I can imagine that - because Urk used to be an island - you had to make do with each other,

men provided income and the women looked after family life, a very easy division of roles.

However, that balance Im perceiving, appears to be more something that I can feel than Im able to explain it,

and that renders it rather mysterious for me as an outsider.

At first sight, Urk, in terms of regional dress, appears to have a simple mode of dressing. However, nothing is what it seems.

The woman's day-to-day dress starts with a black undercoat with flowered sleeves down to her elbow.

Atop of that a corset is worn, also known as het milde.

The blue milde is fortified with whalebone seaming and is characterised for being trimmed with shammy leather.

On the back of the milde sat a worst, a tubular protuberance upholding the skirts.

And in the front the drawstring-cord would be covered with a patch of red cloth.

After that she would put on her white underskirt and place her diezuk, a.k.a. thighbag.

Then follows the black upper skirt and the frontal tippen, the tips of the milde were worn over the skirts.

Over the milde one wears a kraplap of which the armholes are ruffled in and lined with cordon.

The kraplap closes at the shoulder with hooks and eyes, and on the sides with a ribbon that is attached underneath the milde.

During the week the kraplappen of Urk were of a colourful, floral fabric.

On Sunday they were made of a plain satin with an embroidery in the middle.

A top of that she wears a striped boezel, a pinafore thats also found in the regional attire of Volendam.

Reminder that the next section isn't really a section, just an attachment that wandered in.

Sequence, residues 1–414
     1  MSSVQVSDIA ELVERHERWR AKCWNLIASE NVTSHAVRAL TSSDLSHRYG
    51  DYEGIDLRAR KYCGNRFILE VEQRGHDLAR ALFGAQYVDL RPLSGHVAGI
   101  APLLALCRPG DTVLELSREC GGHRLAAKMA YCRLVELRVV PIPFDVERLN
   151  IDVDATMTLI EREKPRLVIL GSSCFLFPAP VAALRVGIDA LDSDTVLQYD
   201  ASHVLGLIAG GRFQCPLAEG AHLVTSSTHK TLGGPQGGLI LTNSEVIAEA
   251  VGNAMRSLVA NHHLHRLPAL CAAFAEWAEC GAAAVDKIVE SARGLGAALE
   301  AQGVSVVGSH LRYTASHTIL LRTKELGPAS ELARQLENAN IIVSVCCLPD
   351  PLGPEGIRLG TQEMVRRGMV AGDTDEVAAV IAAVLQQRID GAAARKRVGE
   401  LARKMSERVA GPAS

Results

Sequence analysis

The difference between these two is the strap on top of the pinafore,

In Volendam the striping is horizontal, whereas its vertical in Urk.

On her head she carries a white undercap with a black lining, under which the womans hair is tucked away.

A silver headpiece is worn on top of it, with two birds beak knobs at its tips.

Attached onto the headpiece is a gauze wrap with a border of yellow lace, in turn pinned down with golden pins.

This wrap is plicated by rubbing starch into the fabric and subsequently having it creased by a hot folding machine.

A round strip of black satin is worn atop of the wrap on the back, also known as het dasje,

Indicating the marital status of its wearer.

If the wearer is unmarried, shell wear the white cotton on top of her wrap,

A glass collar with a golden locket in the neck is worn as adorning jewellery.

Traditionally a woman wears slippers;

a pair of which neither slipper was made right or left sided, but were rather broken into.

Everything would be worn in black fabric, should the lady be in mourning, replacing all golden items for silver.

If a woman went to church shed wear a black silken wrap with tassels over her shoulders and back, the boezel is in that case made of black tebe.

A man wears a vertically striped shirt in red, white, black also known as the stribaaitje.

These have two series of buttons and a red jabot that is closed with two golden globes.